The National Statuary Hall is one of the most popular rooms in the U.S. Capitol building, visited by thousands of tourists every day and used occasionally for ceremonial events. But when it was designed by Benjamin Henry Latrobe – and rebuilt by Latrobe and his successor Charles Bullfinch after it was destroyed by British troops in 1814 – it was meant for an entirely different purpose.
The chamber that today houses the collection of statues contributed by the 50 states was first used as the chamber of the House of Representatives. But the sweeping architecture, built in the shape of an ancient amphitheater with a smooth, curved ceiling did not provide the proper acoustics necessary to conduct the nation’s business.
According to the Architect of the Capitol website, the federal agency that oversees the Capitol building and grounds, the classical design of the hall created “annoying echoes” that made debate difficult. Attempts to dampen the noise with draperies or changing the seating arrangement proved unsuccessful, forcing the construction of a new hall for the House of Representatives.
House members moved into their new home in 1857, leaving the old space empty.
While Americans were busy with westward expansion and growing the nation, the fate of the vacant hall was uncertain, according to the Architect of the Capitol website. Suggestions for new uses included using the space for the Library of Congress, which at that time was housed in the Capitol building. Another idea was to replace the hall with two floors of committee rooms.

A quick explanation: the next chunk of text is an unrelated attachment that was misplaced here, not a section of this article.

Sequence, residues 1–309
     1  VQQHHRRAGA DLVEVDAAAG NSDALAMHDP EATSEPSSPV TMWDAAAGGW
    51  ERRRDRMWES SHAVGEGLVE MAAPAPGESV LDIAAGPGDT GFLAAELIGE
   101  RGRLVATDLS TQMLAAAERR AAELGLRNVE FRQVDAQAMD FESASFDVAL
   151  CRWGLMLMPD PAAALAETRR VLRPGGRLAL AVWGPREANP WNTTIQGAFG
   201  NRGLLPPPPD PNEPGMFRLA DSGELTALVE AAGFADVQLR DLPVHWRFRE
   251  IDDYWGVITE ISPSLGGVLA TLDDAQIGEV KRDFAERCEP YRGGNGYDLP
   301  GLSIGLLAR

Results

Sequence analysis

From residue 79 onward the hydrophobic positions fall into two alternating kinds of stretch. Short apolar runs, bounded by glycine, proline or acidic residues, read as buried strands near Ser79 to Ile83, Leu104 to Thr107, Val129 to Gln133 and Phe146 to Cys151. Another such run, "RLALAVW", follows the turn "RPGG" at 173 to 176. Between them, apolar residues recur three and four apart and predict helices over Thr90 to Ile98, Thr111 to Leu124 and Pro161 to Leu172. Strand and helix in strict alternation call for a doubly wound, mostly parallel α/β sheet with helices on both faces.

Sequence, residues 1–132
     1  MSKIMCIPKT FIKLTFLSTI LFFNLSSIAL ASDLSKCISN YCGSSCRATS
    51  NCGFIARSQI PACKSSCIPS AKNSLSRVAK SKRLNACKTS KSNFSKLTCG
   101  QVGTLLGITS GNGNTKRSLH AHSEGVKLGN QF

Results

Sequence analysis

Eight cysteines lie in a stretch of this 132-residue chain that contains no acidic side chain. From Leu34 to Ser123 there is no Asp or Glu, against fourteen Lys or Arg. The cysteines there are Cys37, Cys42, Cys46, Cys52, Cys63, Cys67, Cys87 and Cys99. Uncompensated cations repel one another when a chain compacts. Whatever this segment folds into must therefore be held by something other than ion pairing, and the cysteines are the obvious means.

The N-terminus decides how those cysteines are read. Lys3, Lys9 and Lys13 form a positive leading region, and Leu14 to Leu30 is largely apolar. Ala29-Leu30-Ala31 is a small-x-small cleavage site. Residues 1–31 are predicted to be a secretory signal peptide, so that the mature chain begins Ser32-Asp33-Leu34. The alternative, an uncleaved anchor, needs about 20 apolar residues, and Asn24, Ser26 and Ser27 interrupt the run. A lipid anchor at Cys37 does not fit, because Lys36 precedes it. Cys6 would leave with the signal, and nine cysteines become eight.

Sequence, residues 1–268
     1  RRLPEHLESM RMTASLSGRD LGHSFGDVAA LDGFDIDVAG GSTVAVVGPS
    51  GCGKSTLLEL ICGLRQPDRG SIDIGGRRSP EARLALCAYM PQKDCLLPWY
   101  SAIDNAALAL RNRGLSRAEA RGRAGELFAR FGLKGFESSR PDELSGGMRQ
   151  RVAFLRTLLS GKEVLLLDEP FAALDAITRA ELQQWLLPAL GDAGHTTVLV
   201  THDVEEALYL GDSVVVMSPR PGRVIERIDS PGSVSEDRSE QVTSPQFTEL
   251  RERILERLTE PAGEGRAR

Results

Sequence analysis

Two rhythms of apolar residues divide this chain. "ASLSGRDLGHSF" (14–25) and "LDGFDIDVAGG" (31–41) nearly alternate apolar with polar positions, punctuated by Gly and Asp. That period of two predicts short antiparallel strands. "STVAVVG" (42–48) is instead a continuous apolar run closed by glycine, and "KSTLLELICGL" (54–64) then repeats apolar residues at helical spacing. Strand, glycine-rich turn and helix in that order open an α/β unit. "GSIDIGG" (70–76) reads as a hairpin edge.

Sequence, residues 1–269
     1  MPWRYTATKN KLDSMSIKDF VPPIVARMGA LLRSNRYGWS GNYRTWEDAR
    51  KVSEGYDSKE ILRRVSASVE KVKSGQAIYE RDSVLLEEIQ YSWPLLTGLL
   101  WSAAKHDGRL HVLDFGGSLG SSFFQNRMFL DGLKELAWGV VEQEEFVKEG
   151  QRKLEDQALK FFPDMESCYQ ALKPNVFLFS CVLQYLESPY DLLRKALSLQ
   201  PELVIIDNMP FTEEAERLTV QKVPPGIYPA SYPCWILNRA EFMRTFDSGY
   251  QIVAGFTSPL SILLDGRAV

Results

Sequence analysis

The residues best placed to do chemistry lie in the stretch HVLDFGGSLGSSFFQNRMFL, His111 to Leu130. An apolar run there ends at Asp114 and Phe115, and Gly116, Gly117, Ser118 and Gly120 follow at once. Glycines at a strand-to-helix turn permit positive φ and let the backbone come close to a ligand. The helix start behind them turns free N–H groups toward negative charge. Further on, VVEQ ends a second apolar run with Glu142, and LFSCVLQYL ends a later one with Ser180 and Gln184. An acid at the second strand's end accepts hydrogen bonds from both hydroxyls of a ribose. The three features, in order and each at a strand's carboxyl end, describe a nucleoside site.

It was Representative Justin S. Morrill from Vermont, one of the founders of the Republican Party and author of the Morrill Land-Grant Acts that established many of the country’s public colleges and universities, who had a better idea.
Morrill posed the question: “To what end more useful or grand, and at the same time simple and inexpensive, can we devote (the chamber) than to ordain that it shall be set apart for the reception of such statuary as each state shall elect to be deserving of in this lasting commemoration?”
His colleagues agreed and the proposal to create a National Statuary Hall became law on July 2, 1864.
The legislation called for the states “to provide and furnish statues, in marble or in bronze, not exceeding two in number for each state, of deceased persons who have been citizens thereof, and illustrious for their historic renown or for distinguished civic or military services such as each state may deem to be worthy of this national commemoration,” according to the Architect of the Capitol website.
The idea was so popular that it was not long before the National Statuary Hall became overcrowded with pieces. By 1933 there were 65 statues on display, in some places standing three deep, and concerns were raised about the ability of the structure to support the weight of any additional statues.
A House resolution called for the relocation of statues to other areas of the Capitol and limited each state to only one statue in Statuary Hall. Future rearrangements of the statues would be made over the years to accommodate the growing number of states represented, with statues distributed to various areas of the Capitol, including the connecting corridors of the House and Senate wings and the Capitol Visitor Center. By 1971 all 50 states had contributed at least one statue and by 1990 all but five states had sent two statues to be placed in the Capitol.
According to the Architect of the Capitol website, each statue is a gift of a state and the selection process usually begins in the state legislature. When the donated statue arrives in Washington D.C. it is placed in a location specified by the Joint Committee on the Library.
Care and preservation of the statuary is the responsibility of the Architect of the Capitol. The agency’s Curator Division is also involved in the evaluation of new statues as well as when a state decides to replace an existing piece in the collection.